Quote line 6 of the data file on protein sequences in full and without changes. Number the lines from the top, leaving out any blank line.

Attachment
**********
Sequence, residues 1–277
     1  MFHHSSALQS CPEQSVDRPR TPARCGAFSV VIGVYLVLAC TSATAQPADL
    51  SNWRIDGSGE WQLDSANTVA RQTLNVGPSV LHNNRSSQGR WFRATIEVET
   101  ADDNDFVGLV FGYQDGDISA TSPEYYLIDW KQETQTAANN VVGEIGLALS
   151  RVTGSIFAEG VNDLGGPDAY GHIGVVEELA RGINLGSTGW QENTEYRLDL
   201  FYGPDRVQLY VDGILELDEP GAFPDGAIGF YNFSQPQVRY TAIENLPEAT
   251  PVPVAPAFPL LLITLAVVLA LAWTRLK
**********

   201  FYGPDRVQLY VDGILELDEP GAFPDGAIGF YNFSQPQVRY TAIENLPEAT